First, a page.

Keywords:drilling parameter, formation strength, equivalent specific toughness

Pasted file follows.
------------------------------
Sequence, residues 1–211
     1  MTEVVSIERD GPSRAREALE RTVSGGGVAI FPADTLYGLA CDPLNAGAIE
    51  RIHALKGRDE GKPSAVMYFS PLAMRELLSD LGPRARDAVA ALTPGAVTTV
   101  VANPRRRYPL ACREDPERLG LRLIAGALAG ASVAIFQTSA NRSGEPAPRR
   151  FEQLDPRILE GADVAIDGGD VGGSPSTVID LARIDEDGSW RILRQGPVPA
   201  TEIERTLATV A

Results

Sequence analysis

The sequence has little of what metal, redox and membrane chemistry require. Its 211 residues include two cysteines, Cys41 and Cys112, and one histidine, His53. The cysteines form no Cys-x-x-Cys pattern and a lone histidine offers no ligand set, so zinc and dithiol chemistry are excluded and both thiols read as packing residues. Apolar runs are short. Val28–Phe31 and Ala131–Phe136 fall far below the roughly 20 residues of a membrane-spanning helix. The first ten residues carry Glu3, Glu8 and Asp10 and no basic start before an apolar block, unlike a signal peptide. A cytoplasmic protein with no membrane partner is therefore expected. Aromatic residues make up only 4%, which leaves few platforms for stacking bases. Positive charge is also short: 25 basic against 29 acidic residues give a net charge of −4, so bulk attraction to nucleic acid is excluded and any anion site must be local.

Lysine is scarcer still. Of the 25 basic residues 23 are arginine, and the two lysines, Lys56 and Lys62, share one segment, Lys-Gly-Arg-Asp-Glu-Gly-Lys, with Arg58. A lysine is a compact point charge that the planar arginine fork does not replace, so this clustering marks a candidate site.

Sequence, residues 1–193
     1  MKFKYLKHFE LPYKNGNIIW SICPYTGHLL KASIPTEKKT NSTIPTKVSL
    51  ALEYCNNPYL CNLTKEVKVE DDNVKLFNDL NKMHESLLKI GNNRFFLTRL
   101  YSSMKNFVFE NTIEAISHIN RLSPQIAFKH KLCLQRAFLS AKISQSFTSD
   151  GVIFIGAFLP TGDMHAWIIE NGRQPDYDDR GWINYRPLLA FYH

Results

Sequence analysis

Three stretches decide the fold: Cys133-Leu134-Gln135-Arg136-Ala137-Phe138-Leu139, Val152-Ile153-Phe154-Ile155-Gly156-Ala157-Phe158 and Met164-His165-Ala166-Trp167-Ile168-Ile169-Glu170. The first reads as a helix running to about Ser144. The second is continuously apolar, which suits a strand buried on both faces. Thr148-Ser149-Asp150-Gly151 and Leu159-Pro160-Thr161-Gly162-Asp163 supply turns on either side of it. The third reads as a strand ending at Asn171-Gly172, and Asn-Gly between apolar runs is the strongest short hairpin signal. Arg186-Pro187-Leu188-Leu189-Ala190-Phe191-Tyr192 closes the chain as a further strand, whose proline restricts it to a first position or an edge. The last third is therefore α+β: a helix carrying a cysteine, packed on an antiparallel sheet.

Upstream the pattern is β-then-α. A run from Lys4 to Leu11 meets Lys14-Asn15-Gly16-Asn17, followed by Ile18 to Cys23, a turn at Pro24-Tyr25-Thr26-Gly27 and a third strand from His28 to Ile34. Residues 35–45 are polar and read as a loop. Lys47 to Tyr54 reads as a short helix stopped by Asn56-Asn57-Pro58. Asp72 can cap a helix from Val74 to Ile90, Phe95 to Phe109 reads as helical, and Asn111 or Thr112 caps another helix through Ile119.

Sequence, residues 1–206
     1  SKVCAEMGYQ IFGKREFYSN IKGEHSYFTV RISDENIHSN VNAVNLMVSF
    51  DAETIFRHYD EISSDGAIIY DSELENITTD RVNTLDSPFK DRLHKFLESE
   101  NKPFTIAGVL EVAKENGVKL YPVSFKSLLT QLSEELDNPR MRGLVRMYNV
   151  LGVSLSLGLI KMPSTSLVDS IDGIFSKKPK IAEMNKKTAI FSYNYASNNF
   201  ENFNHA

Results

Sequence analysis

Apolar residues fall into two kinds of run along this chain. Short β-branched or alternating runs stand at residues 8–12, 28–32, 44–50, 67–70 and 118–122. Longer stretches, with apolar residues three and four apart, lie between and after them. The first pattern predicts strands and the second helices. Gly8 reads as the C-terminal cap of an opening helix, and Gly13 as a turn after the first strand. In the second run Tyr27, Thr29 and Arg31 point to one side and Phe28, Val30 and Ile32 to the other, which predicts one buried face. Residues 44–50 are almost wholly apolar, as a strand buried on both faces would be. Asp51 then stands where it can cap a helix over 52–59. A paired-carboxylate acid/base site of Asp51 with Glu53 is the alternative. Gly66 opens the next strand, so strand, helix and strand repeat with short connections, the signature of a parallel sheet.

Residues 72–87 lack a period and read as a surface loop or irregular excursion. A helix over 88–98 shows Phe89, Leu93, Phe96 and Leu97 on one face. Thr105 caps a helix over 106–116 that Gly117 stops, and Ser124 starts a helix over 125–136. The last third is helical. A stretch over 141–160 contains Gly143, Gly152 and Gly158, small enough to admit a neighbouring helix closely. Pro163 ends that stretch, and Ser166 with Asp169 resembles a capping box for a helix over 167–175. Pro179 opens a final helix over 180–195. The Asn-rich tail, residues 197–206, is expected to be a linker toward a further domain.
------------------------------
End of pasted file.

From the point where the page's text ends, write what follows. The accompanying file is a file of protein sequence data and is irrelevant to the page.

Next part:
In-situ rock properties in/around seismogenic zone in an accretionary prism are key parameters to understand the development mechanisms of an accretionary prism, spatio-temporal variation of stress state, and so on. For the purpose of acquiring continuous-depth-profile of in-situ formation strength in an accretionary prism, here we propose the new method to evaluate the in-situ rock strength using drilling performance property, such as weight on bit (WOB), drillstring rotational torque (Tr), rate of penetration (ROP), and drillstring rotational per one minute (RPM). Drilling parameters are inevitably obtained by any drilling operation even in the non-coring intervals or at challenging environment where core recovery may be poor. The relationship between the rock properties and drilling parameters has been proposed by previous researches [e.g. Teale 1964]. We introduced the relationship theory proposed by Teale  and Karasawa et al. , and developed a converting method to estimate in-situ rock strength without using uncertain parameters such as WOB. Specifically, we first calculated equivalent specific toughness (EST) which represents gradient of the relationship between Torque energy and volume of penetration at arbitrary interval (in this study, five meters). Then the calculated EST values were converted into strength using the drilling parameters – rock strengths correlation obtained by Karasawa et al. . This method was applied to eight drilling holes in the Site C0002 of IODP NanTroSEIZE in order to evaluate in-situ rock strength in shallow to deep accretionary prism. In the shallower part (0 – 300 mbsf), the calculated strength shows sharp increase up to 20 MPa. Then the strength has approximate constant value to 1500 mbsf without significant change even at unconformity around 1000 mbsf (boundary between forearc basin and accretionary prism). Below that depth, value of the strength gradually increases with depth up to 60 MPa at 3000 mbsf with variation between 10 and 80 MPa. Because the calculated strength is across approximately the same lithology, the increase trend can responds to the rock strength. This strength-depth curve correspond reasonably well with the strength data of core and cutting samples collected from hole C0002N and C0002P [Kitamura et al., 2016 AGU]. These results show the validity of the method evaluating in-situ strength from the drilling parameters.